The next morning, the young man went to the office of the director.The Director noticed the tears in the eyes of the young man when He asked him: -' Can you tell me what you did and what you learned yesterday at your house?'The boy replied: -' I washed my father's hands and when I finished I stayed and cleaned his workshop '-' Now I know what it is to appreciate and recognize that without my parents , I would not be who I am today . By helping my father I now realize how difficult and hard it is to do something on my own. I have come to appreciate the importance and the value in helping the family.
The director said, "This is what I look for in my people. I want to hire someone who can appreciate the help of others , a person who knows the hardship of others to do things, and a person who does not put money as his only goal in life". ' You are hired '.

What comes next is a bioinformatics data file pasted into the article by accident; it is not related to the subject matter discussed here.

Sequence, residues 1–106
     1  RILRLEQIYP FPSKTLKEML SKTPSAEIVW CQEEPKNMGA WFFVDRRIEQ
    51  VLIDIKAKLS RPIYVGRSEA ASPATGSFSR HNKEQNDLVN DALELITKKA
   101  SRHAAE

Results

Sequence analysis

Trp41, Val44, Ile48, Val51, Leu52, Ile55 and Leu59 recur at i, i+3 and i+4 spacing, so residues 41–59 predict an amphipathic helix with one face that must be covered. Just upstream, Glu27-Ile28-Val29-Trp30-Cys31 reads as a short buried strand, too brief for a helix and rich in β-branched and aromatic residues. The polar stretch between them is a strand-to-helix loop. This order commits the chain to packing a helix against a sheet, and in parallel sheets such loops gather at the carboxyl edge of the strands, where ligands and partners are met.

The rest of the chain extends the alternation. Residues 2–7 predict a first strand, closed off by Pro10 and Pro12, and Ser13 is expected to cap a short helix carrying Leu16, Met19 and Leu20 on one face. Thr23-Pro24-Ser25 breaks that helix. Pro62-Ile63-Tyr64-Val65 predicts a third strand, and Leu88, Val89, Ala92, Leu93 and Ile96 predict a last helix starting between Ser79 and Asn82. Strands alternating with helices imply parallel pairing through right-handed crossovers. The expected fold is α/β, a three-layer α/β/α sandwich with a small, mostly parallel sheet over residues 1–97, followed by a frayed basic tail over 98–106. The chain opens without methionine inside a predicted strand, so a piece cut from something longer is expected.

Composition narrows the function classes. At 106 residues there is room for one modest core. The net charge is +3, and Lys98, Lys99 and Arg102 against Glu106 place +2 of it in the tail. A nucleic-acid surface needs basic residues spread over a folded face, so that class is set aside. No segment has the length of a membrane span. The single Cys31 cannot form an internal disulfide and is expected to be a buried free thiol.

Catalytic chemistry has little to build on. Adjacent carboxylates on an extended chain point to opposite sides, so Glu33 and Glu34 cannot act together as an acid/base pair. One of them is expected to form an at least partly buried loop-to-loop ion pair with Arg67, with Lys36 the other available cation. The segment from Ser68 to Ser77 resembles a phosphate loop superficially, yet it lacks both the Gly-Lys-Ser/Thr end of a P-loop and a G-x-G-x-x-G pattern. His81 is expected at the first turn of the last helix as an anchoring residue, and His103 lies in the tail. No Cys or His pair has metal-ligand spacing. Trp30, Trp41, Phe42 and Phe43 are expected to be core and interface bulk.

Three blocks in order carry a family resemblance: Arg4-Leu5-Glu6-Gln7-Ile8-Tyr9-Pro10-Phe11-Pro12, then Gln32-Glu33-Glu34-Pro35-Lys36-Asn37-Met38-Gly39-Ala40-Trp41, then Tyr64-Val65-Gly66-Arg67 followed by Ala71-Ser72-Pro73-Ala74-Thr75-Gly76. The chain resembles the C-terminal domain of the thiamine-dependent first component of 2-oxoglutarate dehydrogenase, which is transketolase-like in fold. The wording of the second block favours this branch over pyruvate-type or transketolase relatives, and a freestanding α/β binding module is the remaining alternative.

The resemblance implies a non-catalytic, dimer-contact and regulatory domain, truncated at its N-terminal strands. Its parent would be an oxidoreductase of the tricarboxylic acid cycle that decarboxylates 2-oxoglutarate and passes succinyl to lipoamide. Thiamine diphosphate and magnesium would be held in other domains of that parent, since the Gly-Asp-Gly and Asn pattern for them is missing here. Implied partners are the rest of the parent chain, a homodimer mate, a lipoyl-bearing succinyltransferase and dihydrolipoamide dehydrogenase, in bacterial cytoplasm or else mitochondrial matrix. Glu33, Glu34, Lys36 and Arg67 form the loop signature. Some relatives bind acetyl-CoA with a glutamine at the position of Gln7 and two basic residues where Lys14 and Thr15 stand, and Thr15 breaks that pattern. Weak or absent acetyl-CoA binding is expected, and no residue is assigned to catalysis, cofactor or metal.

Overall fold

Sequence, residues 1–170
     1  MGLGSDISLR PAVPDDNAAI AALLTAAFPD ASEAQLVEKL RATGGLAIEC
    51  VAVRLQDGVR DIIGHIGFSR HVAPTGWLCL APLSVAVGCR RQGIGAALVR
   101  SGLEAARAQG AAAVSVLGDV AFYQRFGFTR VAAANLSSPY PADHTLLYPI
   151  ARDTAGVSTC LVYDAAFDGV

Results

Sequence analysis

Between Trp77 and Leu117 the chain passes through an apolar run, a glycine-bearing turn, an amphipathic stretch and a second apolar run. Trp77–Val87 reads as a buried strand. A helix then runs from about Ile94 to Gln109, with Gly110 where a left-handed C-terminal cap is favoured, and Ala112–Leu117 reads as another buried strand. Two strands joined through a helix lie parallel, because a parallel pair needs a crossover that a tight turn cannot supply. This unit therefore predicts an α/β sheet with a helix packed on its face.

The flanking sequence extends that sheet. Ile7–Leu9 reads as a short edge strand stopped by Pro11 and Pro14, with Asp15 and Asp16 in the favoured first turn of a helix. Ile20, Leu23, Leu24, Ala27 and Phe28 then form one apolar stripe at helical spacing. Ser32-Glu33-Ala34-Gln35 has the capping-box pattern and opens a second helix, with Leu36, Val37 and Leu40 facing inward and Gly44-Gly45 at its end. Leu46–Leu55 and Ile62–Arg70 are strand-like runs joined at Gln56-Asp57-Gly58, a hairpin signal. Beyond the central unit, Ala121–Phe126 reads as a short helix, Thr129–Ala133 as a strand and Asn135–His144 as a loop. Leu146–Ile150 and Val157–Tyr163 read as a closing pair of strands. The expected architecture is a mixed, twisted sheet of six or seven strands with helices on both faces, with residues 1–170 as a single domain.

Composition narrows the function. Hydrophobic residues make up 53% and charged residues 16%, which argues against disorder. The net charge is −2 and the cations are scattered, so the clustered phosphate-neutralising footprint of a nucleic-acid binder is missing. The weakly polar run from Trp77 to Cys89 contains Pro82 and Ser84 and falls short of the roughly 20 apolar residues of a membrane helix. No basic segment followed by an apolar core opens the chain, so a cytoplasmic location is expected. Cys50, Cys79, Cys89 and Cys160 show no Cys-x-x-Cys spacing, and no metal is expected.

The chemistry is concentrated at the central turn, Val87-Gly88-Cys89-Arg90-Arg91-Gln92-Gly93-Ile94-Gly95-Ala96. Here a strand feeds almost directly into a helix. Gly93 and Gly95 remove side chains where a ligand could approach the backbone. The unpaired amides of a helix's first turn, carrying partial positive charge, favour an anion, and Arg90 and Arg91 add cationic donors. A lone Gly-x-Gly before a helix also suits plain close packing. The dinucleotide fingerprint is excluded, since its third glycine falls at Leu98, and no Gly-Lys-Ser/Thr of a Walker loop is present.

A child that has been coddled, Protected and usually given him what he wants, develops a mentality of " I have the right ' and will always put himself first, ignoring the efforts of their parents. If we are this type of protective parent are we really showing love or are we destroying our children?You can give your child a big house , good food , computer classes , watch on a big screen TV . But when you're washing the floor or painting a wall , please let him experience that too.After eating have them wash the dishes with their brothers and sisters. It is not because you have no money to hire someone to do this it's because you want to love them the right way . No matter how rich you are, you want them to understand. One day your hair will have gray hair, like the father of this young man.The most important thing is that your child learns to appreciate the effort and to experience the difficulties and learn the ability to work with others to get things done.